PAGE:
Bee Cave City Council supports groundwater conservation district in 3-2 vote

Rick Scadden, board president of the Southwestern Travis County Groundwater Conservation District, delivers a presentation to Bee Cave City Council on Sept. 24.

Rick Scadden, board president of the Southwestern Travis County Groundwater Conservation District, delivers a presentation to Bee Cave City Council on Sept. 24.

As the population of southwestern Travis County continues to grow, a groundwater conservation district in the area is necessary to help maintain a balance within usage of the resource.

This is according to Rick Scadden, board president of the Southwestern Travis County Groundwater Conservation District.

Bee Cave City Council passed an ordinance in support of the district during its Sept. 24 meeting.

Council passed the motion 3-2 with Council Members Jon Cobb and Andrew Clark voting no.

In order for the district, which would draw its water from the Trinity Aquifer, to become fully functioning, it must receive the majority vote of citizens within an area that includes the cities of Bee Cave, Lakeway and West Lake Hills, as well as a large swath of unincorporated land within Travis County.

Council’s passage of the resolution Sept. 24 not only supported the formation of the district, but urged Bee Cave residents to vote in favor of it in the Nov. 5 general election.

Scadden’s presentation to council essentially served as a warning. As a priority groundwater management area, or PGMA, information provided in the presentation states the land comprising the district is expected to experience groundwater shortages and contamination in the next 20-50 years. Groundwater conservation districts work to make sure groundwater is available for future generations, according to information from the district.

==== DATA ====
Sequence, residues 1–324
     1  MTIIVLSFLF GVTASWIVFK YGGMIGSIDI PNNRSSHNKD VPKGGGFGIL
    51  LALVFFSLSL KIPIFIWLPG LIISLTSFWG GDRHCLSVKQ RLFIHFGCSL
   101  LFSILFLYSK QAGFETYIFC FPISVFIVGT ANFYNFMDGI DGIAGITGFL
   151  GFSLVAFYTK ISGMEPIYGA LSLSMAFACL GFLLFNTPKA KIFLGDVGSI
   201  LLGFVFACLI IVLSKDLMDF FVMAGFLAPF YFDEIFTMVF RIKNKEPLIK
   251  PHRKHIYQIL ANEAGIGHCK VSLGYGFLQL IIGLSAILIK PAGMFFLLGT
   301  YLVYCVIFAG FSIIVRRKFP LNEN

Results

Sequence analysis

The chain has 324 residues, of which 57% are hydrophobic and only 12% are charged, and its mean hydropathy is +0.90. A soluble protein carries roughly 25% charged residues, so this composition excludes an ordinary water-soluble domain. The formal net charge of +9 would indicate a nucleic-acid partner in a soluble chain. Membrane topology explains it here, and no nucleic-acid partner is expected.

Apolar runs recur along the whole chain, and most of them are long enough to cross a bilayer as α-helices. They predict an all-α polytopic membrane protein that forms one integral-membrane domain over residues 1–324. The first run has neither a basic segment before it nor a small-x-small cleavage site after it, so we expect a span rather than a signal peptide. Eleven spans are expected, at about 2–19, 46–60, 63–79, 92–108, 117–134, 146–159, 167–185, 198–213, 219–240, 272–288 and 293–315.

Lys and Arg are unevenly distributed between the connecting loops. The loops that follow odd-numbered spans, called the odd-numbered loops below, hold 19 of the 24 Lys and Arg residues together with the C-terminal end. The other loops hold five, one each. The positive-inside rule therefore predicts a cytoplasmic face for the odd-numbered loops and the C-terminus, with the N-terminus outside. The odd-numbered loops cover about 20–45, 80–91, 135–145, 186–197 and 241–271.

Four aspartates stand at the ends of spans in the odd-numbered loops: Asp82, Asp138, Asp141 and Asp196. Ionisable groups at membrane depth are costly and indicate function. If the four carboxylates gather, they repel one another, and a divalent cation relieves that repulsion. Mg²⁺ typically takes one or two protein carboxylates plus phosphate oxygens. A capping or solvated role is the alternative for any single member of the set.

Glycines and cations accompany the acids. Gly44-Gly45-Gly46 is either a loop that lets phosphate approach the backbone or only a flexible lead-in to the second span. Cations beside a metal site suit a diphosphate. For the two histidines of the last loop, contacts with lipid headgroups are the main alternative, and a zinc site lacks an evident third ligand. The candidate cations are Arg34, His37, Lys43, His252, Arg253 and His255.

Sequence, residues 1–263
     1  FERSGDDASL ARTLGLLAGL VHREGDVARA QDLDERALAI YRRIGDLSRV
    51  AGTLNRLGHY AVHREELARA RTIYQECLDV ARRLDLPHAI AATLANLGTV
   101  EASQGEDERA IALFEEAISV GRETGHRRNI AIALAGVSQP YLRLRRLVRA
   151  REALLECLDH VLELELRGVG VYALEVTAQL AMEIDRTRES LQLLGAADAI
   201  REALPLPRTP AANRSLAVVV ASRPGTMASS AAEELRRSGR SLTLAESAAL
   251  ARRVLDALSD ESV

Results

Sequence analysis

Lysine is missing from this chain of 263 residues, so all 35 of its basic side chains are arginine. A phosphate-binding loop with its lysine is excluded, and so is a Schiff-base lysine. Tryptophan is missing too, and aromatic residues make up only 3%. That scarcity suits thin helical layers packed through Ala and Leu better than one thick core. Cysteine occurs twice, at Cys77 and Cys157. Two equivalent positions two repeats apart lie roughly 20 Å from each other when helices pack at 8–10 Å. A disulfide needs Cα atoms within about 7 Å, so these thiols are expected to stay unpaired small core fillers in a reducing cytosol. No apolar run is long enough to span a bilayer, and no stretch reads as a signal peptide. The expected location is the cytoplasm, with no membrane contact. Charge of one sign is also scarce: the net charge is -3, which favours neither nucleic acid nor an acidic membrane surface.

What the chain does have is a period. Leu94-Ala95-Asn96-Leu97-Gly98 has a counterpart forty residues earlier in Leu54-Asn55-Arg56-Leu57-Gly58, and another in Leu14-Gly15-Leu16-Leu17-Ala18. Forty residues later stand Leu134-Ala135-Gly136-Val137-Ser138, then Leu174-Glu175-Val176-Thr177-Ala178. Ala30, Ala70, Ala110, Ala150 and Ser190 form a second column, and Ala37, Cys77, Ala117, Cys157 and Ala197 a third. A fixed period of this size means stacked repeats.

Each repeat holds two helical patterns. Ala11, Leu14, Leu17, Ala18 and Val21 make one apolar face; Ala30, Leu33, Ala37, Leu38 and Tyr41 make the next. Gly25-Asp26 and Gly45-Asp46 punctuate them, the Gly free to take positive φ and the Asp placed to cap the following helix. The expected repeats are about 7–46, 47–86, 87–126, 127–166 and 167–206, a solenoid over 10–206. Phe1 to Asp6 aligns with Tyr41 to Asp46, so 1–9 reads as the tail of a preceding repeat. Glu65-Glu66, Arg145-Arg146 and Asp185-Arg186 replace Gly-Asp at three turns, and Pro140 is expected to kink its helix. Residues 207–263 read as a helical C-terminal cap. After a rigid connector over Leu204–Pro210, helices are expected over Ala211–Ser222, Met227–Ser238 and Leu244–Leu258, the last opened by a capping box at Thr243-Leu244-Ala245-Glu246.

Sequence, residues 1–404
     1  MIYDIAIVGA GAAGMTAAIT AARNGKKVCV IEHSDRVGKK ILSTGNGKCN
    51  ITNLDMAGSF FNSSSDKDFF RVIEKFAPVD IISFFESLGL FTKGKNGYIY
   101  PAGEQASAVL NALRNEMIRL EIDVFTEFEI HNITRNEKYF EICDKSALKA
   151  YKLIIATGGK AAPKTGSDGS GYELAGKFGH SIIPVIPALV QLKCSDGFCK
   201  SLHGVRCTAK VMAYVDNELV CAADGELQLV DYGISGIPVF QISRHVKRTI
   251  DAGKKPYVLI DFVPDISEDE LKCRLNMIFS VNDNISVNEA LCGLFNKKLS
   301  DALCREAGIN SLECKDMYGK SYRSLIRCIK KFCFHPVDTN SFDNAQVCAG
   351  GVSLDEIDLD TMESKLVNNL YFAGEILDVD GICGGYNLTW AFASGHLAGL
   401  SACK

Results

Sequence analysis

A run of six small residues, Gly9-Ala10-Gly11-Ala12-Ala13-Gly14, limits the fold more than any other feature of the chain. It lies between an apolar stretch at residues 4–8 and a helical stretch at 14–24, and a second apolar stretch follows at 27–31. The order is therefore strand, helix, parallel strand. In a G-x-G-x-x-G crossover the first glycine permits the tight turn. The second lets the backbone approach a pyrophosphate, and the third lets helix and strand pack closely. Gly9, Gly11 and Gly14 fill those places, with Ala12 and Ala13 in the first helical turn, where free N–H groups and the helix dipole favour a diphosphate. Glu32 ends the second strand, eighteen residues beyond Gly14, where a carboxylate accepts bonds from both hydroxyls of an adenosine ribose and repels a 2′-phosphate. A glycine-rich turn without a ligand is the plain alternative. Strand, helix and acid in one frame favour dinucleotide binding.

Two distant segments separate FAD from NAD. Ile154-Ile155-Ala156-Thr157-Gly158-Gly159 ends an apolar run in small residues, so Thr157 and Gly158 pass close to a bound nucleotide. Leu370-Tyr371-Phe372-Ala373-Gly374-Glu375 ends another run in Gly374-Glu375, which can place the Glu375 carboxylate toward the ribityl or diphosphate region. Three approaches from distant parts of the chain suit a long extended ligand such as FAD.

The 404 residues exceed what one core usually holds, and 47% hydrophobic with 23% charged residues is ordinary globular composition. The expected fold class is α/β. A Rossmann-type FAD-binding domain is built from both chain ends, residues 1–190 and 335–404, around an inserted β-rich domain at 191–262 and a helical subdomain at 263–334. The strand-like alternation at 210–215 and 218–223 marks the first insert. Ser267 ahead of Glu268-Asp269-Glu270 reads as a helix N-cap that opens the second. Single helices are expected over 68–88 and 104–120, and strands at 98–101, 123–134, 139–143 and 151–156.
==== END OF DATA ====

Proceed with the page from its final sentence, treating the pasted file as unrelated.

"Groundwater is a big resource, but here in the Trinity Aquifer ... demand is exceeding supply," Scadden said.

Many governmental agencies study the Trinity Aquifer, but only the district would be given the tools to protect it through an act passed by the 2017 Texas Legislature, Scadden said, adding the district would create a groundwater-management plan and monitoring program to protect the long-term productivity of the aquifer.

The new district would be governed by a seven-member board, with one representative each from Bee Cave, Lakeway and West Lake Hills, and four from the unincorporated areas within southwestern Travis County.

Scadden stressed in his presentation the district would be forbidden from collecting any property taxes, and revenue would primarily be drawn through user fees from high-volume, non-exempt wells within the district.

Cobb spoke vehemently against the district throughout Scadden's presentation, stating that such districts inevitably lead to taxes, and that governmental policy must be based on logic, not emotion.

"This is something that is near and dear to me. ... But you come in here and you make emotional arguments ... how is something like this going to prevent someone's well from going dry?" Cobb asked. "This is about regulating growth. It's about stopping growth. It's a philosophical difference. I believe this is not the government's job."
By Brian Rash
Brian has been a reporter and editor since 2012. He wrote about the music scene in Dallas-Fort Worth before becoming managing editor for the Graham Leader in Graham, Texas, in 2013. He relocated to Austin, Texas, in 2015 to work for Gatehouse Media's large design hub. He became the editor for the Lake Travis-Westlake publication of Community Impact in August 2018.


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